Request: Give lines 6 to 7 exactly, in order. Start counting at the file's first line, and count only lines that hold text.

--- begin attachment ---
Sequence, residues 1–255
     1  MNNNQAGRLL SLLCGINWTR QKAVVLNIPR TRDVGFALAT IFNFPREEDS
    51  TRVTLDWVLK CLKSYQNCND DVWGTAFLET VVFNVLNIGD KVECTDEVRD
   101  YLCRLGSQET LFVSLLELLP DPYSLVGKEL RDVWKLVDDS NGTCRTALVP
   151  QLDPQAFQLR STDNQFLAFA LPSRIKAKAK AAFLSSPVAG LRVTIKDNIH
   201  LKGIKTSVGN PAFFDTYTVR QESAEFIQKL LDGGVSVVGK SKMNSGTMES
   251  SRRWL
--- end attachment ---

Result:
   201  LKGIKTSVGN PAFFDTYTVR QESAEFIQKL LDGGVSVVGK SKMNSGTMES
   251  SRRWL